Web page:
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5 tips to improve your 5K and 10K run times off the bike

— by Kirsten Sweetland

Running fast off the bike is a tough skill to master. If you haven’t experienced it, imagine running a road race after someone poured concrete inside your legs. It’s a tricky thing to master. Here are a few tips to help things run a little more smoothly (pardon the pun):

1) The most important thing is leg turnover. It’s natural to have a slow turnover with bike-fatigued legs. If you focus on quick steps you will move quicker and each stride will be less taxing. I had a coach (who coached multiple short-course world champions) who believed we should run at a cadence of 180 to 200 steps/minute. We even used little tempo beepers to help guide us until we got the feel for it.

Karsten Madsen running at the Runner’s Den Pancake 5K in Scottsdale, Arizona.

Related: How to train yourself to run faster off the bike

2) Another trick is to practice running off the bike at least once a week. It might not be possible to make the strange feeling of running off the bike go away, but you will definitely get used to the feeling, which is pretty much as good. I usually do 10 to 20 minutes at race pace after a hard bike ride. If possible I try and finish an interval on the bike immediately before running to make it as realistic as possible.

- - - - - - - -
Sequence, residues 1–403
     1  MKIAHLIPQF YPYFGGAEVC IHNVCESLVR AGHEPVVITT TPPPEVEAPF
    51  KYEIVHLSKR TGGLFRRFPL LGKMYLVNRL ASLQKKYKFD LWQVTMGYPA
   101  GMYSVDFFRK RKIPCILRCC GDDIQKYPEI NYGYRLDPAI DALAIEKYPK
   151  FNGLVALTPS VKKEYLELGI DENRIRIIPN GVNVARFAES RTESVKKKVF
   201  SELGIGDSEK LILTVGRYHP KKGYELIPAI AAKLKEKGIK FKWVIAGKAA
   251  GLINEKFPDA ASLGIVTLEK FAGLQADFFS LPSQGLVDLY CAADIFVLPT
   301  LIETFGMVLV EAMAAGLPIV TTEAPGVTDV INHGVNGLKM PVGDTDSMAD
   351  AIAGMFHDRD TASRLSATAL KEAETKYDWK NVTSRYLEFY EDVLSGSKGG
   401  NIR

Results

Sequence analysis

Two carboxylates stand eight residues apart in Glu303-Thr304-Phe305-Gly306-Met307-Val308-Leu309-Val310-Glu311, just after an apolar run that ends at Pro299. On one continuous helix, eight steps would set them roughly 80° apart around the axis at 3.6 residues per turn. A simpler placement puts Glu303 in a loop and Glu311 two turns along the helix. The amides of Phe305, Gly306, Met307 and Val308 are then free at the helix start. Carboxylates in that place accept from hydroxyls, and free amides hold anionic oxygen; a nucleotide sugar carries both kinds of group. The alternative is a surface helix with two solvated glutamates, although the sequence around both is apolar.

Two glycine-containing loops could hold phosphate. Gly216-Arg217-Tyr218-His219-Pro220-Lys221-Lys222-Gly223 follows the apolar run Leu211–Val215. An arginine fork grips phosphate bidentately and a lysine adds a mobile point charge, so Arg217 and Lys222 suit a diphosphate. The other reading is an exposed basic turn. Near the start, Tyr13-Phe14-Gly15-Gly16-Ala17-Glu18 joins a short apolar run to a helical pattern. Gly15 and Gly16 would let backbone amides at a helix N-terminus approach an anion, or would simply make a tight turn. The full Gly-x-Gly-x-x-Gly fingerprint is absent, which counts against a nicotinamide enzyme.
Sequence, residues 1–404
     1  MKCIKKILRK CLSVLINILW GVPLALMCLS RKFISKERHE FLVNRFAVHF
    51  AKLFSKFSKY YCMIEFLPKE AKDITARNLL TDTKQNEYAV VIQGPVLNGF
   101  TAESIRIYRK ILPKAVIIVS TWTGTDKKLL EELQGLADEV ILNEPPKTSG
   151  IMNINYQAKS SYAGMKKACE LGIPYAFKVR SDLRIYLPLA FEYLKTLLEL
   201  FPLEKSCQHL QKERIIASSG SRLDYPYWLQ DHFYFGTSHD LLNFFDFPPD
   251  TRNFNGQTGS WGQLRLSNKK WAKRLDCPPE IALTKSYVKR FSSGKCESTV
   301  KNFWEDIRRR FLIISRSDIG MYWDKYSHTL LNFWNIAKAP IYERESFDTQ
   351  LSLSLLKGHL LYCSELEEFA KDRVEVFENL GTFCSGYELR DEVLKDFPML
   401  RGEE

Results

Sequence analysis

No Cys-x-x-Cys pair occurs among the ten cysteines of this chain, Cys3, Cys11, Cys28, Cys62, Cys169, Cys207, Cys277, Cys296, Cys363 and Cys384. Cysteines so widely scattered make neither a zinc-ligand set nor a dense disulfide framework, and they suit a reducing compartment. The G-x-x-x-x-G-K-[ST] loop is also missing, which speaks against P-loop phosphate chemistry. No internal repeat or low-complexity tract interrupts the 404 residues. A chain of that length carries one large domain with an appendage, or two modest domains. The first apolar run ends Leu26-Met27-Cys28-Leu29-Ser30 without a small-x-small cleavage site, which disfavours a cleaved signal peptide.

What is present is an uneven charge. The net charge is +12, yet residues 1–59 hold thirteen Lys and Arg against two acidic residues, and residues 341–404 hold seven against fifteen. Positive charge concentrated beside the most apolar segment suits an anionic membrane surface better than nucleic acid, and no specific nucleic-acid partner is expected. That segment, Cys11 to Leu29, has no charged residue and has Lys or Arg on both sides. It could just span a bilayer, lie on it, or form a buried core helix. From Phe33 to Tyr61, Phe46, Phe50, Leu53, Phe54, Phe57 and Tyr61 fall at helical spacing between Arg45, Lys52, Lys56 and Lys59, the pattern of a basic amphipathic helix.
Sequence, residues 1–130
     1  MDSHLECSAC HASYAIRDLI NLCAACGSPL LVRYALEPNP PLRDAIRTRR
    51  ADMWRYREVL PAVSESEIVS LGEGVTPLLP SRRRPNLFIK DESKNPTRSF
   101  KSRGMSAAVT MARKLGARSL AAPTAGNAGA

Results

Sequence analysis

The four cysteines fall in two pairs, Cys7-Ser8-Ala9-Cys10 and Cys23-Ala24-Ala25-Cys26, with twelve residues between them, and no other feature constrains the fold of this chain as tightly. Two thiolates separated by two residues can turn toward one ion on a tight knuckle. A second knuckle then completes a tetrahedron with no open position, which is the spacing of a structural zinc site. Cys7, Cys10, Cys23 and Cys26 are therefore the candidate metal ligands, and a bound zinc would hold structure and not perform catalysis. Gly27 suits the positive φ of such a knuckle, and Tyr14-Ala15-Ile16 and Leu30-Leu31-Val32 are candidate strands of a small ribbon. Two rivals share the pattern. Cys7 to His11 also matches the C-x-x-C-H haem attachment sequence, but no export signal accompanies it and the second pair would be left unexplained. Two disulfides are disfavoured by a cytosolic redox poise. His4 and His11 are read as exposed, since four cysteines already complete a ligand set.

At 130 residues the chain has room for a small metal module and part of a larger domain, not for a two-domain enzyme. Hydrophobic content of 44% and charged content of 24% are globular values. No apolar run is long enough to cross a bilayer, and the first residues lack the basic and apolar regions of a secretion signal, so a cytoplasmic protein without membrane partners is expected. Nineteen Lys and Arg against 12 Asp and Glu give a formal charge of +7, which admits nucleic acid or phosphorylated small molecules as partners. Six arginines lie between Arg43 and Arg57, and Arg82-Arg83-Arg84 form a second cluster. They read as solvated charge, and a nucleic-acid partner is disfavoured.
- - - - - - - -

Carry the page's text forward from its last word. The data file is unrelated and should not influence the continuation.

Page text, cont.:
Sweetland racing at the 2016 ITU Montreal World Cup.

3) Another way to improve your triathlon run time is to become a faster runner. I use fartlek sessions to help develop my speed as race season approaches. A short-course specific workout is one done by legendary Australian runner Steve Moneghetti. After a good warm up you do 20 minutes of hard running that is broken down like this:

  • 2 x (90 seconds at 5-km pace, 90 seconds at 10-km pace)
  • 4 x (1 minute at 5-km pace, 1 minute at 10-km pace)
  • 4 x (30 seconds at 5-km pace, 30 seconds at 10-km pace)
  • 4 x (15 seconds at 5-km pace, 15 seconds at 10-km pace).

This is a killer workout if done properly. You can try to go faster than 5-km pace if you are really serious. (I’ve literally made myself sick doing the set that way.)

Related: 5 workouts to help you run a faster 5K

4) Another great session is short-rest 1-km repeats on a track. The track helps you get used to pacing and the short rest forces you to work anaerobically, which is similar to what you’ll do in a race. I’d suggest 5 to 8 x 1 km at goal race pace with 30 to 60 seconds rest. These key sessions don’t need to be done often, just done optimally to achieve some great results.

Related: Two key run workouts for a 10K

5) Lastly, I believe having the correct mindset is one of the biggest keys to a successful triathlon run. Accepting the discomfort, but not focusing on it, is the name of the game. Focus on your breath, count your steps and think about driving your arms. Any cue that works for you is great, as long as you are in a positive frame of mind. Embrace the pain.

Whistler’s Kirsten Sweetland represented Canada at the 2016 Olympic Games.